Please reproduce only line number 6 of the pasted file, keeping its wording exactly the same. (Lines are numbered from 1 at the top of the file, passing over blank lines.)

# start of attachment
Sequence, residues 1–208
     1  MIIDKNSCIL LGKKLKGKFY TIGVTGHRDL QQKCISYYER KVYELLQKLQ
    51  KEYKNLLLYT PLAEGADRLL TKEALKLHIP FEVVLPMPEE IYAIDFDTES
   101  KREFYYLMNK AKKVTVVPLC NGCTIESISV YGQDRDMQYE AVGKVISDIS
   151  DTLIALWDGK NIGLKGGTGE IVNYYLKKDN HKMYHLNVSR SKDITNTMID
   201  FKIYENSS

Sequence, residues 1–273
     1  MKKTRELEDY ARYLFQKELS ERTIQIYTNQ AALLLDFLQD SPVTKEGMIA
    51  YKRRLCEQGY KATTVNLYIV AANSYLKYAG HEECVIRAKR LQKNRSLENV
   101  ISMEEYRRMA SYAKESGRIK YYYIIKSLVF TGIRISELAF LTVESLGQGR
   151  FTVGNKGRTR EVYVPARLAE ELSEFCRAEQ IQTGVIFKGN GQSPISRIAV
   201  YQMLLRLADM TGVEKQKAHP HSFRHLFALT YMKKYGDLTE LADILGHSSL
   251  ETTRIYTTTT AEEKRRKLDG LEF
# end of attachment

   201  FKIYENSS